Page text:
Plato reflects this concept as well in his description of the rearing of members of the guardianship to produce a strong, trusting team. When each new guardian believes in the merit of team goals, the organization as a whole can fight more effectively, Plato states:

“We were saying, as you will remember, that they were to be lovers of their country, tried by the test of pleasures and pains, and neither in hardships, nor in dangers, nor at any other critical moment were to lose their patriotism --he was to be rejected who failed, but he who always came forth pure, like gold tried in the refiner's fire, was to be made a ruler, and to receive honours and rewards in life and after death. This was the sort of thing which was being said, and then the argument turned aside and veiled her face; not liking to stir the question which has now arisen. You are further aware that most people affirm pleasure to be the good, but the finer sort of wits say it is knowledge.”

- Plato, Book Six of "The Republic"

In the series Dune, the protagonist Paul Atreides, a prince of the powerful House of Atreides, is taken by the religious Bene-Gesserit organization which seeks to provide the safety and well-being for all men and women.

In the first screening with the Bene-Gesserit, Paul is instructed by his mother Jennifer (who is also an inducted member of the Bene-Gesserit organization) to commit full obedience to the direction of the representative.

The test to which Paul is given to pass is one of self-control. A box is placed on an armrest in front of which Paul must kneel. Paul is instructed to place his hand inside the box and is subjected to excruciating heat within the box.

Paul is instructed that if he removes his hand from the box he will fail the test, and therefore, the highest manifestation of discipline, which had been induced unto Paul throughout his royal training since he was young, must be demonstrated prior to his continued accession to royal authority.

Plato outlines a similar expectation of the Guardians’ educational development, in that each defender of the city must value the well-being of the city above all other potential interests.

Plato defines this framework in a partition of three qualities of the soul 1) the love of material gain, 2) the love of honor, and 3) the love of wisdom. Plato argues that the love of wisdom is superior to each of the others and in a later dialogue of Plato, that of the Phaedo, Plato asserts that the love of pleasure and the love of honor must be controlled by reason much as a charioteer guides a team of horses.

The template of of pleasure, honor, and reason is first developed in book nine of The Republic:

“Now, if you examine the three classes of men, and ask of them in turn which of their lives is pleasantest, each will be found praising his own and depreciating that of others: the money-maker will contrast the vanity of honour or of learning if they bring no money with the solid advantages of gold and silver?

And the lover of honour --what will be his opinion? Will he not think that the pleasure of riches is vulgar, while the pleasure of learning, if it brings no distinction, is all smoke and nonsense to him?

And are we to suppose, I said, that the philosopher sets any value on other pleasures in comparison with the pleasure of knowing the truth, and in that pursuit abiding, ever learning, not so far indeed from the heaven of pleasure? Does he not call the other pleasures necessary, under the idea that if there were no necessity for them, he would rather not have them?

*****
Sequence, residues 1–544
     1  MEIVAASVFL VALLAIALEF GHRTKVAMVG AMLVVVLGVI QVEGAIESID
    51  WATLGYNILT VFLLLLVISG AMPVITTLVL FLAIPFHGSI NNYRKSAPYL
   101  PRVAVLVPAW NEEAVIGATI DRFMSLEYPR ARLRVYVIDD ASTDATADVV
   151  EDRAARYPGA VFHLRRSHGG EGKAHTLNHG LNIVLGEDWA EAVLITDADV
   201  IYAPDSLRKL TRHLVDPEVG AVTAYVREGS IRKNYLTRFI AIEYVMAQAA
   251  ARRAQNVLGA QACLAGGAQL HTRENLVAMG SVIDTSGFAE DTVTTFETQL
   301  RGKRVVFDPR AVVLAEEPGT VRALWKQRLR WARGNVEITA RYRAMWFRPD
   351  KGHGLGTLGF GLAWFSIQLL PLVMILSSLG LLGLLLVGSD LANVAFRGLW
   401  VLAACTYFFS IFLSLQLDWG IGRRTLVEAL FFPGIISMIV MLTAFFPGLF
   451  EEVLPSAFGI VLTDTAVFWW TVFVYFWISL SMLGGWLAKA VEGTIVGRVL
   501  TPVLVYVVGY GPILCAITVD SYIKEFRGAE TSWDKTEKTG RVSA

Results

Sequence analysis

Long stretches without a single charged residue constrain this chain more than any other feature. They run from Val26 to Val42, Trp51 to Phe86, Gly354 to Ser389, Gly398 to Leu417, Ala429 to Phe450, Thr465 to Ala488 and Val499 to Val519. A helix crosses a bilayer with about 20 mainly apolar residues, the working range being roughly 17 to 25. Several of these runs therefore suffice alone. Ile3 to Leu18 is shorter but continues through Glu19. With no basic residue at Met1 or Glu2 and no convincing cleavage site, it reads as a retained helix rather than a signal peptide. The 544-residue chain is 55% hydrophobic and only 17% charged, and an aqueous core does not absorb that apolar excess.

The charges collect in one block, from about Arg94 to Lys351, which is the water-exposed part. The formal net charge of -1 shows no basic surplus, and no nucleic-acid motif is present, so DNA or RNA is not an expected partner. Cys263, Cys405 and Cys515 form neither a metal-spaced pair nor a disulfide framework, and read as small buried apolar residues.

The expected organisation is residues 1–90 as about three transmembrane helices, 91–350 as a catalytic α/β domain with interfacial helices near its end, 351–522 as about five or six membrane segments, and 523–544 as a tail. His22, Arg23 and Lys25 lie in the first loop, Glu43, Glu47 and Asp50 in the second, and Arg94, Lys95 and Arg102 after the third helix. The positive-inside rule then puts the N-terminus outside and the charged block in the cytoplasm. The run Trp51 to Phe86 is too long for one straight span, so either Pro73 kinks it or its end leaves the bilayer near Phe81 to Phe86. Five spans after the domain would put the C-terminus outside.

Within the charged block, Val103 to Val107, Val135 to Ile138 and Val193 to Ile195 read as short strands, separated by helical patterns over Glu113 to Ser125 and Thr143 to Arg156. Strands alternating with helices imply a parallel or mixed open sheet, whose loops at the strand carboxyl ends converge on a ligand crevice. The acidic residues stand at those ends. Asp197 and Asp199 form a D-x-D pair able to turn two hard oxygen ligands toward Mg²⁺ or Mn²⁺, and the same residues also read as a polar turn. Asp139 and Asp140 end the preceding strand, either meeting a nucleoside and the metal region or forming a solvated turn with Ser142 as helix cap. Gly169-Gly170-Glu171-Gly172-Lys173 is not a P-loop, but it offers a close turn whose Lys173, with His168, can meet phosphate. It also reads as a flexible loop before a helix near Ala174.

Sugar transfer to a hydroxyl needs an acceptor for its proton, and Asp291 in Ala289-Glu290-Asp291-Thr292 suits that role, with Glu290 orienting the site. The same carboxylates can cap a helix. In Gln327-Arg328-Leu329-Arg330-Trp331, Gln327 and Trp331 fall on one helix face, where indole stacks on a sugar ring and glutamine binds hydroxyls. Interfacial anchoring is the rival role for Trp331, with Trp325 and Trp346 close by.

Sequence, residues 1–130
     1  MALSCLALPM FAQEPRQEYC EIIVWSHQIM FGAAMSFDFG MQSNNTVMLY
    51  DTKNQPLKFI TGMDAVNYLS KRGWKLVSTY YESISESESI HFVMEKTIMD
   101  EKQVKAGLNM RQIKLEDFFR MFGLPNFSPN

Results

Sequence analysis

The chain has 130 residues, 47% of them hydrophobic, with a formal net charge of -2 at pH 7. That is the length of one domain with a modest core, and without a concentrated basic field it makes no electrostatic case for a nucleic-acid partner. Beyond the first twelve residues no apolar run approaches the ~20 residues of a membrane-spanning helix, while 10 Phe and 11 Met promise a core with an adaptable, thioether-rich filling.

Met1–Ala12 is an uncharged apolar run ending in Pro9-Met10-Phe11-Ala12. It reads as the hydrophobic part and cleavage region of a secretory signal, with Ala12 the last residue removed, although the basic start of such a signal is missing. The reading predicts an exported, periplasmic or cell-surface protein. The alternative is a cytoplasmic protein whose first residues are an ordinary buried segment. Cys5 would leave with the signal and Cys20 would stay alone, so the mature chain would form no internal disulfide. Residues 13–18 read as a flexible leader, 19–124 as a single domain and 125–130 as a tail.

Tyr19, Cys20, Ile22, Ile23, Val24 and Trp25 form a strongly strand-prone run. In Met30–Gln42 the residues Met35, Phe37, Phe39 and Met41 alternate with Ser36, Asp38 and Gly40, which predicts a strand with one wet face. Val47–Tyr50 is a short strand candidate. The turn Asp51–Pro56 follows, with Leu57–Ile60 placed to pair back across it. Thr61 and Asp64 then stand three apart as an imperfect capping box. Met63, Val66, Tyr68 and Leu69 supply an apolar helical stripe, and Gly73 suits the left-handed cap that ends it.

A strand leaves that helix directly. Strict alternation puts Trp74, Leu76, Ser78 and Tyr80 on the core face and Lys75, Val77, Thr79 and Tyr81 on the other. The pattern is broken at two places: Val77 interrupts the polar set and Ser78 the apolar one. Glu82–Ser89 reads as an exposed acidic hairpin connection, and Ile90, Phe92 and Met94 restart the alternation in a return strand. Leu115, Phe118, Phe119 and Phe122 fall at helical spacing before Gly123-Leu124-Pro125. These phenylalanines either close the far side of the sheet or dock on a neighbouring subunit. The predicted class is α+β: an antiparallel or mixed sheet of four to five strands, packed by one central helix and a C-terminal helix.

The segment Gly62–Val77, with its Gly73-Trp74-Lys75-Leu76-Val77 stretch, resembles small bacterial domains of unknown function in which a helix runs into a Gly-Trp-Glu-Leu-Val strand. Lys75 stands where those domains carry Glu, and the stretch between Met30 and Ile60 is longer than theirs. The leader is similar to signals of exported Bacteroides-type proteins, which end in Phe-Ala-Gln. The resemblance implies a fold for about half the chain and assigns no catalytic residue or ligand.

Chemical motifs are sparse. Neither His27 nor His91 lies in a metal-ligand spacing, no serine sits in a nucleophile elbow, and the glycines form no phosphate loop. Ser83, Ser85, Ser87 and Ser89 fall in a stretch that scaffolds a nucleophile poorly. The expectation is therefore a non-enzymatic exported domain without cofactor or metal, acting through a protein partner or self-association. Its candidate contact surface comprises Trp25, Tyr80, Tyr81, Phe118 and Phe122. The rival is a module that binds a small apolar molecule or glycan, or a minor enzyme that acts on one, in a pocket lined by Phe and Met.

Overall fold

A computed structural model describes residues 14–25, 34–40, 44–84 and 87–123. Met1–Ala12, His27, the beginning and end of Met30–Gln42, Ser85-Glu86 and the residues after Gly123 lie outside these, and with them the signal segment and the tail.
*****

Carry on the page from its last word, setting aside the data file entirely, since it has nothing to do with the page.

Nay, he said, all three are honoured in proportion as they attain their object; for the rich man and the brave man and the wise man alike have their crowd of admirers, and as they all receive honour they all have experience of the pleasures of honour; but the delight which is to be found in the knowledge of true being is known to the philosopher only.

And so we arrive at the result, that the pleasure of the intelligent part of the soul is the pleasantest of the three, and that he of us in whom this is the ruling principle has the pleasantest life.

Unquestionably, he said, the wise man speaks with authority when he approves of his own life.

And what does the judge affirm to be the life which is next, and the pleasure which is next?

Clearly that of the soldier and lover of honour; who is nearer to himself than the money-maker.

Last comes the lover of gain?

Very true, he said.

Twice in succession, then, has the just man overthrown the unjust in this conflict; and now comes the third trial, which is dedicated to Olympian Zeus the saviour: a sage whispers in my ear that no pleasure except that of the wise is quite true and pure --all others are a shadow only; and surely this will prove the greatest and most decisive of falls?

And so we arrive at the result, that the pleasure of the intelligent part of the soul is the pleasantest of the three, and that he of us in whom this is the ruling principle has the pleasantest life.

Unquestionably, he said, the wise man speaks with authority when he approves of his own life.

And what does the judge affirm to be the life which is next, and the pleasure which is next?

Clearly that of the soldier and lover of honour; who is nearer to himself than the money-maker.

Last comes the lover of gain?

Very true, he said."

- Plato, Book Nine of "The Republic"

In this way, Paul Atredies is expected to develop his own character in line with the requirements of reason, and to neglect the less pure loves of honor and material wealth. The challenge given by the Bene Gesserit was offered to Paul as a filter through which Paul’s character may be determined: to discern whether Paul's greatest desires remained with base desires or higher values. The trust in Paul would thereafter be accorded to him based upon his demonstrated potential.

Thank you for your time in considering this post and please have a good day. Sincerely, Winston